“If life gives you lemons, you make LEMONADE.”
I’m a very frugal person. My parents still remind me how when I was little I hated anything new. I still use one of my lacrosse shafts in high school and plan to run that “into the ground”. So, during the summer when I found a bunch of old art supplies and materials lying around in storage, I decided to use them.
The materials were mostly from my art school days, making some of them over 20 years old. Aside from college tuition and such expenses being outrageous, I’ve always thought the same with art supplies. Weekly art projects and assignments in school were costly, thus class grades, to me, had to be competitive. It made me look over my “rolodex” of current ideas and saw some things that I wanted for 2018 and to exhibited at the Lacrosse Convention.
Among the materials were boxes of oil paints and a big, stretched canvas still wrapped in plastic from an NYC art store that doesn’t exist anymore. The last time I did an oil painting was in the fall of 2008, called ‘Everything Counts’, which depicts important details that are mostly taken for granted or overlooked.
I figured that a classic, straightforward portrait of a traditional, hand-strung and hand-carved, wooden lacrosse stick was the piece to execute. As a history buff, I decided to take the theme back and go vintage, sort-of-speak. A lot of the paints found happened to be of earth-tones and shades. It was a perfect palate to make something old, or antiqued, and I was quickly reminded of the Broadway musical poster of ‘Hamilton’, below.
If I was a doctor, prepping the painting was like surgery. The right supplies had to be ready and handy. The work area had to be clean. Everything had to be in place. It was strange to use a wet medium like paint all over again. I had to be careful because it felt very foreign to me. The smell of oils, alkyds and brush cleaner took me back in time, creating a smile on my face. Man, did I miss this!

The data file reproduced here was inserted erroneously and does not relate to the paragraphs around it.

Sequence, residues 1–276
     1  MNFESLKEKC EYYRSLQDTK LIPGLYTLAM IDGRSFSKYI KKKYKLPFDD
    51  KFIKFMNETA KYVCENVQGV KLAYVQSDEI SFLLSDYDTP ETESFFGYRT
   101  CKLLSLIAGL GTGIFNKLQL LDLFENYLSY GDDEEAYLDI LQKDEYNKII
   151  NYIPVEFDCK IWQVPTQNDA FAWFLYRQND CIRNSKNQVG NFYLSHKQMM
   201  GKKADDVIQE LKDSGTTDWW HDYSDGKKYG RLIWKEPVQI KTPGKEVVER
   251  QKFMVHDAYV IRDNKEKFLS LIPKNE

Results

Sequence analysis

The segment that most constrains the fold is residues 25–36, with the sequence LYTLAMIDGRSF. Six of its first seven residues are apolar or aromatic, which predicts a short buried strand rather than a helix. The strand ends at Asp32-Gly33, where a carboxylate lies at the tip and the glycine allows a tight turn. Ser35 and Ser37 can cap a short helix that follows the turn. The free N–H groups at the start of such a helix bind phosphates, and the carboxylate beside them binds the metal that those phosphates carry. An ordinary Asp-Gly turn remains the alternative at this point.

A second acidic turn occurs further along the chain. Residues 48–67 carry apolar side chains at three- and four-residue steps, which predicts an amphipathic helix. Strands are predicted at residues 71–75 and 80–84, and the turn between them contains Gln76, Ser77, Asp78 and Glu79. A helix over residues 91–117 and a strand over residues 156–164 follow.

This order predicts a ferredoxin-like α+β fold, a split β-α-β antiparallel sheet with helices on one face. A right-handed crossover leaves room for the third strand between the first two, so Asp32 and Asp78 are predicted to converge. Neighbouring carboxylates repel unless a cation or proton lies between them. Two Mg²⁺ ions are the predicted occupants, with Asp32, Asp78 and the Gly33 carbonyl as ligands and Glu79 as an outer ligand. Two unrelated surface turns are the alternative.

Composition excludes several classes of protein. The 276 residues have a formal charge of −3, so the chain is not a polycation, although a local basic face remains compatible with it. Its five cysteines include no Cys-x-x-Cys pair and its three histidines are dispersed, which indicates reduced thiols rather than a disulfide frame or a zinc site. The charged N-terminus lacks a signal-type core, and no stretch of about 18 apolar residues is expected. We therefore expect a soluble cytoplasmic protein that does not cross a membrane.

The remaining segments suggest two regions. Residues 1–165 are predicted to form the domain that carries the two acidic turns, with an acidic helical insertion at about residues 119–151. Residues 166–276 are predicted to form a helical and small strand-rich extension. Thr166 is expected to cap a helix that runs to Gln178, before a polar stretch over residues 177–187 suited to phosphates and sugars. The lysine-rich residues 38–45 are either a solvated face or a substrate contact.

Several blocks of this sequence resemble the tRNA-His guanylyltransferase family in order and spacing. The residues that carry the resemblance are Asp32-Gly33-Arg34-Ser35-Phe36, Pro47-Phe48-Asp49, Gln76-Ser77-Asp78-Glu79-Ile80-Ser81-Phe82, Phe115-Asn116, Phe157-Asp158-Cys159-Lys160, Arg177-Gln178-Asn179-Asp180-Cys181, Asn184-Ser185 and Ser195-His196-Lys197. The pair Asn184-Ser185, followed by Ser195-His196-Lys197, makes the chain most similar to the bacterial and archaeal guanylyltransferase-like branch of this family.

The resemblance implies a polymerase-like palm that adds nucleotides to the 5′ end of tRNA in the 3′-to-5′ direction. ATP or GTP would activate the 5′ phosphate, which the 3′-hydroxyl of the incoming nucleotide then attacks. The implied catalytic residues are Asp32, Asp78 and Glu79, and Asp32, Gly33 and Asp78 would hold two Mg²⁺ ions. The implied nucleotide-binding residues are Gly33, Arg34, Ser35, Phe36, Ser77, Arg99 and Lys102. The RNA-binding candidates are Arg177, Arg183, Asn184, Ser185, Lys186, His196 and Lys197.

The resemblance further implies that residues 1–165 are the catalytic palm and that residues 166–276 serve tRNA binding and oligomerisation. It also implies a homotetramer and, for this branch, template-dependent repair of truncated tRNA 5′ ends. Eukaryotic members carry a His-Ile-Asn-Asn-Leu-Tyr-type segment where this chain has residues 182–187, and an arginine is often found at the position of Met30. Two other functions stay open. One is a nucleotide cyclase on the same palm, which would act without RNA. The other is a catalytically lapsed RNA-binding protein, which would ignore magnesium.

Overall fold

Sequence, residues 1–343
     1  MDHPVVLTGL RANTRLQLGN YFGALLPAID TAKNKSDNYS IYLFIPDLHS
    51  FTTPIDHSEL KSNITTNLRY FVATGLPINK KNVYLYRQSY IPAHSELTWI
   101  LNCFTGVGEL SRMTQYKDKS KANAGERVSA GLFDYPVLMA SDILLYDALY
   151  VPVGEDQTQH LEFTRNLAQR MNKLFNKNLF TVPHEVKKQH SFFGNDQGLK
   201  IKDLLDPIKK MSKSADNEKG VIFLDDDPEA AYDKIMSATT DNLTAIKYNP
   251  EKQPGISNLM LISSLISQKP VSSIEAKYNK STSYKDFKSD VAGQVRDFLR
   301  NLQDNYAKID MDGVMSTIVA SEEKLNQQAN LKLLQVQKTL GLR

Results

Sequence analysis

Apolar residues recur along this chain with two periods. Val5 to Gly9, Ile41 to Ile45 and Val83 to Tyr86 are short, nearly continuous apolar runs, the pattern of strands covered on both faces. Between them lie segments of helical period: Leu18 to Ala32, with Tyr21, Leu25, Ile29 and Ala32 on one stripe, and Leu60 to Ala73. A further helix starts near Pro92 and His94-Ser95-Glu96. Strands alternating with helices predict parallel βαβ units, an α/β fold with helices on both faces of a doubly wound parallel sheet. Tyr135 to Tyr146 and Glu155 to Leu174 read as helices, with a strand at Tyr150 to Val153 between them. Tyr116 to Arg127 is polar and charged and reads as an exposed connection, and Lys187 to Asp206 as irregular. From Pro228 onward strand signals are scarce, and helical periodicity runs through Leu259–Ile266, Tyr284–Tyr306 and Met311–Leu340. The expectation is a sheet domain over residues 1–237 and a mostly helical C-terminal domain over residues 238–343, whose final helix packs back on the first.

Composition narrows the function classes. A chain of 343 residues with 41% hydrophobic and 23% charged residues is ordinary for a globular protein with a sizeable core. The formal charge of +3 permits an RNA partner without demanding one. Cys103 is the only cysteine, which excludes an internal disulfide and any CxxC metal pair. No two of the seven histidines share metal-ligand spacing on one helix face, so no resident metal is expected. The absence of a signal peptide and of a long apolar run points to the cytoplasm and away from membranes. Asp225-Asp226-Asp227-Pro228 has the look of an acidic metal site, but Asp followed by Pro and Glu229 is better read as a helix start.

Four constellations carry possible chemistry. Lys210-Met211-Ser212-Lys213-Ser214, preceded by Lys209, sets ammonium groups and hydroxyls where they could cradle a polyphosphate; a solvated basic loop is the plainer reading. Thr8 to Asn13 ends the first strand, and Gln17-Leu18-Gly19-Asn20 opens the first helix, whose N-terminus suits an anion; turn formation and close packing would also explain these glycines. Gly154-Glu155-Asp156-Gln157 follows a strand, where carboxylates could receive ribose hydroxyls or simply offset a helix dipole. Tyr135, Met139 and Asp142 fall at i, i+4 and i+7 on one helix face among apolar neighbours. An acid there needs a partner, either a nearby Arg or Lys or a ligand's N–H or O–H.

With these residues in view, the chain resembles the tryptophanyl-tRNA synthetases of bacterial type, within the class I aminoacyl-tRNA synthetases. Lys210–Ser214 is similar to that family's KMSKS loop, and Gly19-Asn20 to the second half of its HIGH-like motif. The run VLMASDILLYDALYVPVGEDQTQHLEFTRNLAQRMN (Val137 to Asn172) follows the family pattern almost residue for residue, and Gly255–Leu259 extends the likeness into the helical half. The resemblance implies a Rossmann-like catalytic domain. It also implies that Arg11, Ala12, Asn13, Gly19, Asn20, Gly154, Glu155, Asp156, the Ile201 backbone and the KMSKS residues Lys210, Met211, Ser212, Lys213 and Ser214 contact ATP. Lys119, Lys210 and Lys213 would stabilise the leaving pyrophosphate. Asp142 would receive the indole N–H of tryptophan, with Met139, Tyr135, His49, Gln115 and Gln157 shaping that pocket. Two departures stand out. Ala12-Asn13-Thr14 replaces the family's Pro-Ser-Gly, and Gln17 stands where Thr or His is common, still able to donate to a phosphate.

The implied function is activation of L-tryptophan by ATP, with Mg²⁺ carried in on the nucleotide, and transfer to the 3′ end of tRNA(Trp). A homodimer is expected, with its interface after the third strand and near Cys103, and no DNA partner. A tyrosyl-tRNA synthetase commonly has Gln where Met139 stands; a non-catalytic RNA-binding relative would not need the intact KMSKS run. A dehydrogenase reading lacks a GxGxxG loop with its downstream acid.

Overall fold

Here are some of the work in progress pics, below:
Layering, glazing, shading , highlighting and repeating, were the tactics used to get myself back into a rhythm. Slowly and surely, things were coming together the way I wanted.
Ironically, Art History was my least favorite subject in art school, but influences from a favorite group of artists called ‘The Fauves’ were added to the piece. Mix in some classic art styles of ‘impressionism’ with ‘realism’, it was finished in just 4 days.
The task of painting was intimidating, at first. But, after finding all those old and unused art materials from over 20 years ago, it motivated me to not waste the money spent on it, back then. I said that I am a frugal person. I opened the article with the quote “If life gives you lemons, you make LEMONADE’, which means you make use of what’s around you. In entrepreneurship, the term ‘bootstrapping’ means you get yourself in or out of a current situation using existing resources. Aside from executing the painting to my standards within the short period of time, I felt that the ‘zero cost’ to do it was the real success! The finished piece, below:
Reproduction prints of ‘The Stick’, are now available for purchase.
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